Thomas Edison once proclaimed that “we will make electricity so cheap that only the rich will burn candles”. With exception to the Amish community, Edison’s prophecy came true for most households across the world.
If only car manufacturers found it so easy.
Tesla, arguably the world’s most famous electric car manufacturer, has had well-documented struggles with its production of the new ‘Model 3’ range. Producing a meagre 260 car units in the third quarter of this year, concerns have been raised about the viability of affordable electric cars in a nascent market.
The growth in competition in the electric car market over the past five years has been substantial. There are nearly 50 electric car models that will arrive across the world between now and 2022. Some companies have committed even further, with General Motors Co. promising to sell 20 pure electric vehicles by 2023. Even British inventor James Dyson has pledged to invest £2 billion in creating a new electric car.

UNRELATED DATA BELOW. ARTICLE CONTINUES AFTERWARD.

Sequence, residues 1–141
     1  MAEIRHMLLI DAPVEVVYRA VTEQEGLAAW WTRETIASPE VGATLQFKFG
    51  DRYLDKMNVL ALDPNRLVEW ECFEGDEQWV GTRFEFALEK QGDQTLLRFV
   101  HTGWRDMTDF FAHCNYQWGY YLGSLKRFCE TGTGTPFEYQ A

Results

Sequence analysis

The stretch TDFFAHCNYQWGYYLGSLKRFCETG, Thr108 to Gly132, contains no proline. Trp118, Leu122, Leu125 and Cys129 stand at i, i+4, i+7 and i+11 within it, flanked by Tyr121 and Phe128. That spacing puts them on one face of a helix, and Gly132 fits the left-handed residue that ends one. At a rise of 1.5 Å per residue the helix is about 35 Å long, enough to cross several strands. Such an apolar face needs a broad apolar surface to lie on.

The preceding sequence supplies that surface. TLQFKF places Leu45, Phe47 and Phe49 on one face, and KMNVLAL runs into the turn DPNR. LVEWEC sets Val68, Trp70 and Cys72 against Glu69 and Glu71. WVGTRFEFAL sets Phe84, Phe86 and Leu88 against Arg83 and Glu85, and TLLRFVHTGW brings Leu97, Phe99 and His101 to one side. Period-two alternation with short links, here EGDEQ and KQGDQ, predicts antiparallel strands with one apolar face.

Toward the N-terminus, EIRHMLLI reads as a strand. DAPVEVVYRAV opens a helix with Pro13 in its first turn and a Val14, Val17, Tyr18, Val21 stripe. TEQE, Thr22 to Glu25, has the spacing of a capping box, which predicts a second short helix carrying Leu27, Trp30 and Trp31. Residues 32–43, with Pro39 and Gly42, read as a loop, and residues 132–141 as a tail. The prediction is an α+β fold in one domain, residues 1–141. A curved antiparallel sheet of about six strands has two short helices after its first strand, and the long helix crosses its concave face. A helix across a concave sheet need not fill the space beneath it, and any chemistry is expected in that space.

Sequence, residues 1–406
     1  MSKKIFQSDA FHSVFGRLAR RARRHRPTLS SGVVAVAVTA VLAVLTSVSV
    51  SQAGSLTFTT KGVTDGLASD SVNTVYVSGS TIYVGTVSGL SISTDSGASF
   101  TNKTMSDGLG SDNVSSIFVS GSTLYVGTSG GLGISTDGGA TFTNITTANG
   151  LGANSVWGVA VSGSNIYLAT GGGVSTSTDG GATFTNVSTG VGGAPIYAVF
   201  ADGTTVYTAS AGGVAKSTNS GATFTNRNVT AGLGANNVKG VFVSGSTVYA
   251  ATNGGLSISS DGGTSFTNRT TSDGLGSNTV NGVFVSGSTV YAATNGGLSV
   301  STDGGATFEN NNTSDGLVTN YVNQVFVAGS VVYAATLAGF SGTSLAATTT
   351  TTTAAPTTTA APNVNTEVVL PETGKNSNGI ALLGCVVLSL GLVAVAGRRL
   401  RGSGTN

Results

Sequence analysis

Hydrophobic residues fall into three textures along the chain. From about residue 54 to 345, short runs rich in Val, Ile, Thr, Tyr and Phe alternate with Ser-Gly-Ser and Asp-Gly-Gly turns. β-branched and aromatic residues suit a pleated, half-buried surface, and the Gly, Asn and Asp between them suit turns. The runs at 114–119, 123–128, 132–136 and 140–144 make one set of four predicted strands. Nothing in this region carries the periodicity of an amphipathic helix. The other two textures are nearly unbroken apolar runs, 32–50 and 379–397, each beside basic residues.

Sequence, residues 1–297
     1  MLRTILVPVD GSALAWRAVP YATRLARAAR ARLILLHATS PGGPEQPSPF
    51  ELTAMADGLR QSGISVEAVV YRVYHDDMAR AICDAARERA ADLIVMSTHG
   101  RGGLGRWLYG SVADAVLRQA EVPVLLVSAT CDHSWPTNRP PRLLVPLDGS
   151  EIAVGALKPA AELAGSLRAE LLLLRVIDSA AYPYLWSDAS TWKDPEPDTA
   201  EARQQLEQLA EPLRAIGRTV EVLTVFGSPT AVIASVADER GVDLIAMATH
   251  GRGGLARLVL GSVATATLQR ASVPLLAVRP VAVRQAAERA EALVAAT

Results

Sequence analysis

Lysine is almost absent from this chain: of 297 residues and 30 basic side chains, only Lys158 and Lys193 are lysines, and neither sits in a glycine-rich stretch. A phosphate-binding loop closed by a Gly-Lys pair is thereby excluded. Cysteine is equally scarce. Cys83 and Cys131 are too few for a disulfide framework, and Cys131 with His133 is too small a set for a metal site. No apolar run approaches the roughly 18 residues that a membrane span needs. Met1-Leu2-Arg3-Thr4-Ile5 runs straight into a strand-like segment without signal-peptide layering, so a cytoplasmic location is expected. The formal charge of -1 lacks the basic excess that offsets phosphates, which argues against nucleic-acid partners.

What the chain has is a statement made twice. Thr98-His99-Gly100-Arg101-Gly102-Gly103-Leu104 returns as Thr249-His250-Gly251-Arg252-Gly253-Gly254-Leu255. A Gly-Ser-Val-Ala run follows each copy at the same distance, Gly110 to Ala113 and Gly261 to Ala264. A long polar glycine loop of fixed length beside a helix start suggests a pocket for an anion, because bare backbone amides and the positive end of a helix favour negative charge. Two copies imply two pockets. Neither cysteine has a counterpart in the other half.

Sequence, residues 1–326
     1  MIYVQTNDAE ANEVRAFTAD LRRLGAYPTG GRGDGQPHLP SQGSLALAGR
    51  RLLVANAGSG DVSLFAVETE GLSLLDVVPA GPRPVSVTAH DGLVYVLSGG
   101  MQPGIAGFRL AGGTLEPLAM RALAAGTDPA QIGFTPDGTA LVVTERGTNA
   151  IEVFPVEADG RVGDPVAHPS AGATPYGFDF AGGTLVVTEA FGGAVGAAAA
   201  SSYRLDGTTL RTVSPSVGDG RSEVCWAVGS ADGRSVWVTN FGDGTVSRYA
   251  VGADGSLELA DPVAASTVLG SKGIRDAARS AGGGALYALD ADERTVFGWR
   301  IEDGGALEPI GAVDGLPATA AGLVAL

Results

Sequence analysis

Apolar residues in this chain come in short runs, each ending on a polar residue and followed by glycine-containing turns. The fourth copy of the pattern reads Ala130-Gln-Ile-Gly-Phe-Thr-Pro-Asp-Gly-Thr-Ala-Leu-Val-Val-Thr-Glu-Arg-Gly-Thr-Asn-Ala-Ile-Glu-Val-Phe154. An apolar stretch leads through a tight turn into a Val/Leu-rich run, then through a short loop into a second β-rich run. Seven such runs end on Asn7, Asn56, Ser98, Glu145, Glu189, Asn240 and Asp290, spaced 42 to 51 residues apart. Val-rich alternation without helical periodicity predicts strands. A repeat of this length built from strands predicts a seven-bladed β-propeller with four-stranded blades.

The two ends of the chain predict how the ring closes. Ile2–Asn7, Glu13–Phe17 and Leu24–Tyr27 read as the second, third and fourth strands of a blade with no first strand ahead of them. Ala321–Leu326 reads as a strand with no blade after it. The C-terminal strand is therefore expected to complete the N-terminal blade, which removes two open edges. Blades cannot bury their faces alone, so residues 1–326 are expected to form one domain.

Due to a spate of government regulations, virtually all car manufacturers have developed their own electric models. Most significantly, the Chinese government announced new regulations to cut carbon emissions and pollution by 2030 this year. China is the world’s largest car market and thus, manufacturers have had to adjust to these regulations.
Support for electrifying cars has not been unanimous. Among its dissenters is Sergio Marchionne, CEO of Fiat Chrysler, who has argued that battery-powered models should be based on consumer demand, of which there has been very little. Given that electric vehicles make up for 1% of the American automotive market, and 1.4% in each of the Chinese and UK markets respectively, Marchionne’s statement contains some veracity.
Chrysler loses $20,000 on every electrical Fiat 500e sold in the US, and this is a problem that is symptomatic of the electric car-manufacturing industry. Even Tesla, which sold a record number of its electric cars last year, still lost $675 million on $7 billion in sales.
Nevertheless, breaking the frontier of new technologies never came cheap. The future of the automotive industry lies with electric cars and as companies continue to compete and innovate, costs will invariably fall with it to become affordable for everyone.